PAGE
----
A while back, ‘Diane9247′ posted a great series of images in the Google Earth Community of “Some things that look like other things“. Here is a sampling of some of the amazing items she found:
Our world is an amazing place, and we’re very fortunate to have tools such as Google Earth to allow us to explore it. Check out all of Diane’s finds for yourself in this series of posts.
What are some of your favorite “things” like that in Google Earth?
The post Things that look like other things in Google Earth appeared first on Google Earth Blog.
It appears that Google has just pushed out a fresh batch of imagery! Thanks to sharp-eyed GEB reader ‘Munden’ for being the first to let us know about it.
Unlike some of the other recent updates, this imagery isn’t yet in Google Maps. As a result, you can compare Google Earth to Google Maps to determine what is new; the fresh imagery is already in Google Earth, but the old imagery is still in Google Maps. If you compare the two side-by-side and they’re not identical, that means that you’ve found a freshly updated area in Google Earth!
Some of the updated areas include:
- France: Tolouse
- Italy: Palermo, Zingarello
- Japan: Maebashi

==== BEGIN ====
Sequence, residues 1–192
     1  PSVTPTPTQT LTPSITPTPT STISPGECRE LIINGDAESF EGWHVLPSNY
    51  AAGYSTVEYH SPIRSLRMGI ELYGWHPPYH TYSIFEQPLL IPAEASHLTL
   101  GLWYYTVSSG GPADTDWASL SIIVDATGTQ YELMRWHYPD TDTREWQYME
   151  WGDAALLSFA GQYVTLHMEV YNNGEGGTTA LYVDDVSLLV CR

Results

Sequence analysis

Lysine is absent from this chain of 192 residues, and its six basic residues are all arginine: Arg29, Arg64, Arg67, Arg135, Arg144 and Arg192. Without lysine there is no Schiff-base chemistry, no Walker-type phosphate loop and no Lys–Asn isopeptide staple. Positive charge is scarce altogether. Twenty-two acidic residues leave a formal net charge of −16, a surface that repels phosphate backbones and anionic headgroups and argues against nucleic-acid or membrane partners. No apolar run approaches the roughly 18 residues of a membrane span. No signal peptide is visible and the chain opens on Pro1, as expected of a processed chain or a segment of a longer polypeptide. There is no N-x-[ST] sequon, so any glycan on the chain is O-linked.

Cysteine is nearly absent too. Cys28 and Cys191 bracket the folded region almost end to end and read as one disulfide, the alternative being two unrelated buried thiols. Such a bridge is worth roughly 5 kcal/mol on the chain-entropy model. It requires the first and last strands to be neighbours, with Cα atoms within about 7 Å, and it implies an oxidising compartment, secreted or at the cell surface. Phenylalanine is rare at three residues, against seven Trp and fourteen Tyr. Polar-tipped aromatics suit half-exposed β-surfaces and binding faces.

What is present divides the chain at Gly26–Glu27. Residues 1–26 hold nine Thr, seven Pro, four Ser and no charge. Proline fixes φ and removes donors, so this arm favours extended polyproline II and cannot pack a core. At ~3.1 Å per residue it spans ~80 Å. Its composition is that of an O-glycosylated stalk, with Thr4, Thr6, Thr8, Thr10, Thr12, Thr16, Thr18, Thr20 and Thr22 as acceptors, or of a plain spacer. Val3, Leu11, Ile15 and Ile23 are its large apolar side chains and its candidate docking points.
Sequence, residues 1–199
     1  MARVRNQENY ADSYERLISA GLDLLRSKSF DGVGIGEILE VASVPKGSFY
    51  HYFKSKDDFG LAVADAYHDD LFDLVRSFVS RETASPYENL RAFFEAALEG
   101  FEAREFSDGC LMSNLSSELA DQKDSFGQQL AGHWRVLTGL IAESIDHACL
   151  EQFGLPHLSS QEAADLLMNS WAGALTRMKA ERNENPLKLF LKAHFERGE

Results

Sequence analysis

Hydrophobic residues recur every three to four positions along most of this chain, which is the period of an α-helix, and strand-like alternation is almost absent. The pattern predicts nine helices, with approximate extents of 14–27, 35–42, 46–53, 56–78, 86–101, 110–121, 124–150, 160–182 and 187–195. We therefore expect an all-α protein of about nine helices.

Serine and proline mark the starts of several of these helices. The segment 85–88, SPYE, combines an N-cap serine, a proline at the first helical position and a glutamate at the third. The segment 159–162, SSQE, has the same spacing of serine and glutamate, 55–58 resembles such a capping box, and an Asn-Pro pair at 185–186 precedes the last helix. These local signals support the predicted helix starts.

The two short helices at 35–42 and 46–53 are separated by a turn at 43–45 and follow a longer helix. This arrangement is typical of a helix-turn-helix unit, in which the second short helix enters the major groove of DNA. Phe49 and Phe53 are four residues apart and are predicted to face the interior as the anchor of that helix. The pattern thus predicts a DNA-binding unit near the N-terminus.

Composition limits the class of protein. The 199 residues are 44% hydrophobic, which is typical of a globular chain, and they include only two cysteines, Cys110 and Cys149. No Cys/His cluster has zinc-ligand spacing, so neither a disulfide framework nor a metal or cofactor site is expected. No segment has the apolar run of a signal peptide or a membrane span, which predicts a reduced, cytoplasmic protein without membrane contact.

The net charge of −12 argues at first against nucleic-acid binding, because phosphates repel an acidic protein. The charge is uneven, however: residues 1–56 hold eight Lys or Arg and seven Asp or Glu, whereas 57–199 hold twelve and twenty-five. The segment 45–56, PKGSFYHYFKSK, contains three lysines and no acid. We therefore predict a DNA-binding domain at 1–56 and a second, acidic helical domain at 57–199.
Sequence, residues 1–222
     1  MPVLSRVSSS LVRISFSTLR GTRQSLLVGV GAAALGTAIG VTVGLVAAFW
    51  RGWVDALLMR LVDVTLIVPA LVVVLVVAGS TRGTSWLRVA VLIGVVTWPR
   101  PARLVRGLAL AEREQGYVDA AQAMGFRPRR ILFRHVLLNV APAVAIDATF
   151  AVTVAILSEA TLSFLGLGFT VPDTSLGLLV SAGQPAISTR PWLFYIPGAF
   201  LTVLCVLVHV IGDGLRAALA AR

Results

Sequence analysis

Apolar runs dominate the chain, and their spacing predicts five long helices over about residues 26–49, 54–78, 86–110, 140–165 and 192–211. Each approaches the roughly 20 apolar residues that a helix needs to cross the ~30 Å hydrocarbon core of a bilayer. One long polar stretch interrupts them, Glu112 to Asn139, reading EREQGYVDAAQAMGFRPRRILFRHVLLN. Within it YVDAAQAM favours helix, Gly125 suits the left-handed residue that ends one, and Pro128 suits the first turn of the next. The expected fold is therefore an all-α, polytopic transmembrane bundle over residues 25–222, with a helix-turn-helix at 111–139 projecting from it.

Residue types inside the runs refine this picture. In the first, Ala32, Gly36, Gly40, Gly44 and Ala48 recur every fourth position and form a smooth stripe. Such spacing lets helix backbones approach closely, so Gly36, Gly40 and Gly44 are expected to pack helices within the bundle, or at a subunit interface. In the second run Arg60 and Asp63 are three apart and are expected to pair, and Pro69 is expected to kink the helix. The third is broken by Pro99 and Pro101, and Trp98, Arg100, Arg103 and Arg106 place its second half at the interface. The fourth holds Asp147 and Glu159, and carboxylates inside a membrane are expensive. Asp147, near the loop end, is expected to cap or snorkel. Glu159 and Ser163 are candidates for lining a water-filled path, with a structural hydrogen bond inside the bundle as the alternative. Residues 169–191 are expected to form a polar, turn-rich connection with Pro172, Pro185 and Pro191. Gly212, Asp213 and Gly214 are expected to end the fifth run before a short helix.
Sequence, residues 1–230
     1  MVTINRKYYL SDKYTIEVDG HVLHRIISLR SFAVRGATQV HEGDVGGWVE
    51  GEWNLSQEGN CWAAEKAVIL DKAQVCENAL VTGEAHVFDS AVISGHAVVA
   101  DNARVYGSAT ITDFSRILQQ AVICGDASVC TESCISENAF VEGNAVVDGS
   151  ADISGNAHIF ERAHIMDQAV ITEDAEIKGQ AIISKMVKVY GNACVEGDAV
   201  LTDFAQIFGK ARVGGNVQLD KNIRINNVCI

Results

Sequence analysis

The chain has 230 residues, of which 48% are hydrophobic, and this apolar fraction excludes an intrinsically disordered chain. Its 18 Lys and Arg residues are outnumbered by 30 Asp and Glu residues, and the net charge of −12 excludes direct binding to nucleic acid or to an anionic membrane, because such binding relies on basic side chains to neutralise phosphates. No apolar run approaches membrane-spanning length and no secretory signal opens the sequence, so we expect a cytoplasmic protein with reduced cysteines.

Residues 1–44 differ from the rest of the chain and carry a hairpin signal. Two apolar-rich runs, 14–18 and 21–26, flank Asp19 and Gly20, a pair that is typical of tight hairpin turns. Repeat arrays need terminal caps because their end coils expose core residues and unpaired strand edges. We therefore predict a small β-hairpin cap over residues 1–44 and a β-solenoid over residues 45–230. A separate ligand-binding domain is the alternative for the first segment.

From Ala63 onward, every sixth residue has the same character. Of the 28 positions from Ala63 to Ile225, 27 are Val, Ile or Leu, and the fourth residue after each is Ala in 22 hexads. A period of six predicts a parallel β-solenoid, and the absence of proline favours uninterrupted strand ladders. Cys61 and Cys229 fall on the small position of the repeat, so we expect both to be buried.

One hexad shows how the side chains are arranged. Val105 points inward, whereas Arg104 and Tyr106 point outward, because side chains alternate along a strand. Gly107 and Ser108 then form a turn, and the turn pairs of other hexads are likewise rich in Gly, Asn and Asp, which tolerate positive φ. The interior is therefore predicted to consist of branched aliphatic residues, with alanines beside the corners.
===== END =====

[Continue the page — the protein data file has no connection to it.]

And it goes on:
- United Kingdom: Eastbourne, West Wittering
- United States: California (Fairfield, Half Moon Bay, San Francisco, Santa Cruz, Saulsalito, Sonoma, Suisan Bay, Watsonville, Woodland), Minnesota (Bemidji, Park Rapids), North Dakota (Galesburg, Valley City)
If you find any other updated areas, please leave a comment and let us know!
Google recently released a feature that allows you to embed Google+ posts on your website. It works similarly to the embed features from Twitter and Facebook, and can be a nice way to extend the reach of your posts. Here is an example using one of our posts from last week:
As Adam Simmons discovered, you can also embed your Google+ posts directly inside of Google Earth! Just put the code into a placemark and the embedded post will appear in there. Here’s a screenshot of it in action:
This can be a great way to enhance the usefulness of a KML file, and reminds me a bit of the old GEboads application that I created years ago.
Great tip, Adam!
With only a few weeks left until new models in the 3D Warehouse are no longer loaded into Google Earth, we thought it’d be nice to check out a beautiful one that was just accepted. Pedro Domecq, who we often know as simply “PeterG” and who was the winner of the 2012 Model Your Town Competition, recently added the Museu Nacional d’Art de Catalunya to the 3D Warehouse (and subsequently to Google Earth) and it is stunning.
While I can appreciate that Google is pushing more toward 3D Imagery instead of hand-built models, it will be a long time before the automatically-generated imagery can approach this level of detail. We’ll certainly miss seeing the amazing work of people like Pedro being added to Google Earth.
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Earlier this year we showed you the WiNPT, a visualization that used Google Earth terrain data to help plan wireless networks.
WiNPT has rebraned to become EngineMaps and has released a new visualization for point-to-point radio planning: the Fresnel Zones for Radio Links.
As explained by the folks at EngineMaps: